In the spring of 1959, a group of golfers met to discuss their growing frustrations with the crowded course at Charlotte Country Club. Led by James Harris, a successful insurance executive, the group ultimately decided to pack up shop and start their own club. From there, Charlotte’s Quail Hollow Club was formed. The club was built on a large parcel of land, 257 sprawling acres formerly home to a dairy farm, which James had inherited from his father-in-law, the former North Carolina governor Cameron Morrison.

With a little help from golfing legend Arnold Palmer, James recruited George Cobb, who had designed Augusta National’s par 3 course, to take the lead on the Quail Hollow layout. The course officially opened in 1961 and, within a decade, was hosting PGA Tour events.

Over the last 15 years, Quail Hollow has been home to the annual Wells Fargo Championship, one of the largest “non-major” events on the PGA Tour. During this period, the club has continued to grow in popularity, becoming one of the more prestigious clubs in the country.

In 2010, the club was awarded the honor of hosting the 99th PGA Championship — one of the Tour’s four majors — in August 2017. With an eye toward preparing the property for this huge event, Club President Johnny Harris, son of founder James Harris, enlisted Page|Duke Landscape Architects out of Nashville to lead a major overhaul of the grounds surrounding the clubhouse. We spoke with Page|Duke’s Ed Tessier about the redesign to get the insider tips for how the premier landscape architect firm tackled the project.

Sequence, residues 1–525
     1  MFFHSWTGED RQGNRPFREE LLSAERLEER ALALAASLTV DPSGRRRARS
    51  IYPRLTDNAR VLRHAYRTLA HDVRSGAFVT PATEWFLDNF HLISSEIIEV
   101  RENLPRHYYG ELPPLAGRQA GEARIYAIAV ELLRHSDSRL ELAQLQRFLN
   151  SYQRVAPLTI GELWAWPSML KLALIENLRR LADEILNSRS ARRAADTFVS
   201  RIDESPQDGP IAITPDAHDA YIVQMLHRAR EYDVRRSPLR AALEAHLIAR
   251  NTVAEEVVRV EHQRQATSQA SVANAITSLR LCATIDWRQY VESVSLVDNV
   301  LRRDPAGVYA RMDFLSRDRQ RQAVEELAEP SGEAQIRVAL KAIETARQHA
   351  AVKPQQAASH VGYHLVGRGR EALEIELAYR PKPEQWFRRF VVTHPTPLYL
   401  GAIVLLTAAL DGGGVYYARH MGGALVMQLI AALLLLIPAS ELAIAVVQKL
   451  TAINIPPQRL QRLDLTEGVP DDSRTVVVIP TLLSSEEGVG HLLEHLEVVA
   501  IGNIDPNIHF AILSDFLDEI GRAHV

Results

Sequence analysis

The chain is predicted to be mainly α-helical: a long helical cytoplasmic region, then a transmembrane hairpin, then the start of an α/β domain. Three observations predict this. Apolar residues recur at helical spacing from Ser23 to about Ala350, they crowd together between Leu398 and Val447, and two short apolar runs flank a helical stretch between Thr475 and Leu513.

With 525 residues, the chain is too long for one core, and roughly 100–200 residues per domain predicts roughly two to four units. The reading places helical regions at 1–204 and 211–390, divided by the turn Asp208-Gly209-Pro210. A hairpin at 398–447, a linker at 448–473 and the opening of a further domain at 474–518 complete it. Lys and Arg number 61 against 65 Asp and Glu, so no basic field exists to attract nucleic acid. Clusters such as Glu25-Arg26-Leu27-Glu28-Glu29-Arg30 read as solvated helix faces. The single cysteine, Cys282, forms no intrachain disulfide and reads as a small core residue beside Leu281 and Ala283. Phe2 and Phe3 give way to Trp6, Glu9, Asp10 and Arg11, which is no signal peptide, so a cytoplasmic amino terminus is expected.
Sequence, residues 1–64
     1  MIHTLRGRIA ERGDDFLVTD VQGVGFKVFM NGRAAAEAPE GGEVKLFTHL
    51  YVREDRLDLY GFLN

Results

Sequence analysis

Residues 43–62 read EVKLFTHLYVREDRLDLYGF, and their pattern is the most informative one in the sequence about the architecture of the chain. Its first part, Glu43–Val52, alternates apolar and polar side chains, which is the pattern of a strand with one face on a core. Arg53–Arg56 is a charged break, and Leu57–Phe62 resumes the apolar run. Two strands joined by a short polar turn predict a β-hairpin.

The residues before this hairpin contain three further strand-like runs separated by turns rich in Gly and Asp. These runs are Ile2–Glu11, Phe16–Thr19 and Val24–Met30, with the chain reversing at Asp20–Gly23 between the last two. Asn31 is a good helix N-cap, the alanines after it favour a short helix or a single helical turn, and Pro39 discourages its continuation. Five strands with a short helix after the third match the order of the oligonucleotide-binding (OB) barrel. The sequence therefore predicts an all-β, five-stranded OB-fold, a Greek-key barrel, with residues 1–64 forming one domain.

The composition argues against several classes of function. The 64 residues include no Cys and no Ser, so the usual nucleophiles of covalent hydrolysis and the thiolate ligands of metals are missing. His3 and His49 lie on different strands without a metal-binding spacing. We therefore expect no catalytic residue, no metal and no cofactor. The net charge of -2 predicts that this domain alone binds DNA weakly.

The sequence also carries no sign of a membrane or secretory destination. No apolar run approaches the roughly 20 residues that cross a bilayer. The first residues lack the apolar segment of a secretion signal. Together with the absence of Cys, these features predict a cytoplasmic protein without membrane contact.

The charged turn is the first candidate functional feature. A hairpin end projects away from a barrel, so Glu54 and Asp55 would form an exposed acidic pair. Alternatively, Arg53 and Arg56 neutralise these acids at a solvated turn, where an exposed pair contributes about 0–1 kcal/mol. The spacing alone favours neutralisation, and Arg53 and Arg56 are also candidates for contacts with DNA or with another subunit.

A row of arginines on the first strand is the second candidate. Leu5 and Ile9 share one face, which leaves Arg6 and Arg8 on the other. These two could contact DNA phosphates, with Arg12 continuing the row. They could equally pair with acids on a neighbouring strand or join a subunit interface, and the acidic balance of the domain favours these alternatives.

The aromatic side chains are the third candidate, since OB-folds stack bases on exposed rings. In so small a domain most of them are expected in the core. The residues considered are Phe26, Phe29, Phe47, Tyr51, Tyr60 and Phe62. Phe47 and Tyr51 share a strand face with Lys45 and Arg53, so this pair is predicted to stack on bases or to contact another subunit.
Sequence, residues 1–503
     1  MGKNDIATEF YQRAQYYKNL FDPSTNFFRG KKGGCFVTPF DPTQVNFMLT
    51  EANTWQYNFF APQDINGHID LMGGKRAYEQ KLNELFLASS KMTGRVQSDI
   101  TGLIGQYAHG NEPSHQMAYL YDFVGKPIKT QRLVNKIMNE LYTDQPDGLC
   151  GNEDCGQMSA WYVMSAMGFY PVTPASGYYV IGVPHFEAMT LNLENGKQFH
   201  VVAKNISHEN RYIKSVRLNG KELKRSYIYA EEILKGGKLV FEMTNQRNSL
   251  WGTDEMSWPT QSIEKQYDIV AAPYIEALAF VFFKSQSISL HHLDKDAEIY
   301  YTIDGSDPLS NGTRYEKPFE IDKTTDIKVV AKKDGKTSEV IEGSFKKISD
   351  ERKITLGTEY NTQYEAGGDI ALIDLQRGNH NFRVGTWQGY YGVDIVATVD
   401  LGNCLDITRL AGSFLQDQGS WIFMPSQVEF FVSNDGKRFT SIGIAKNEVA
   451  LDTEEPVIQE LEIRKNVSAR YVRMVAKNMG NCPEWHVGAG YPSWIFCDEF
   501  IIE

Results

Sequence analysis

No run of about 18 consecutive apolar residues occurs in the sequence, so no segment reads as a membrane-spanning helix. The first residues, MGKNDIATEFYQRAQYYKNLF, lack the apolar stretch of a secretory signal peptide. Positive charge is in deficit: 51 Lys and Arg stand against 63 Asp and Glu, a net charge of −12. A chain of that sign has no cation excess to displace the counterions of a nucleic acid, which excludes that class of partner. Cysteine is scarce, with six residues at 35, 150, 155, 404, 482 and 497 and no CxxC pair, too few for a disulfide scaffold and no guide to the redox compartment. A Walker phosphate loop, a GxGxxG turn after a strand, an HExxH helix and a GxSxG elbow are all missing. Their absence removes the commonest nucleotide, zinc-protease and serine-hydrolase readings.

The courtyard at Quail Hollow features square configurations of hedged boxwoods, with a larger boxwood enclosed in a custom-made lead planter. This allows for a simple swap of flowers with the changing seasons.

A swath of seasonal colors breaks up the green of the boxwoods, as the flowers overflow from the custom-made lead planter.

A swath of seasonal colors breaks up the green of the boxwoods, as the flowers overflow from the custom-made lead planter.

Clearing the Pines

Having worked with Quail Hollow in the past, the Page|Duke team was well-prepared to take on the redesign project. “The farm that the club was built on was an old pasture,” says Ed, who led the project for Page|Duke. “When they designed the course, they planted pines throughout it, creating an Augusta National effect. Over the years, we worked with Quail Hollow to thin out the pines, clearing some of the landscape to give more views of the course from the clubhouse. You also get more shadow and dappled sunlight in the area, which really gives some depth. The goal was for people to be able to experience the beauty of the golf course from the clubhouse. They can sit on the terrace, experience the long vistas and enjoy the expanse of the course without having to step foot on it.”

This most recent redesign was focused on the areas behind the main clubhouse. “They were already redesigning the interior of their clubhouse when Mr. Harris called us,” shares Ed. “They had a large blue stone terrace off the main ballroom and saw an opportunity to upgrade those terraces, as well as augment some outdoor spaces for use in PGA tournaments and other events at the club.”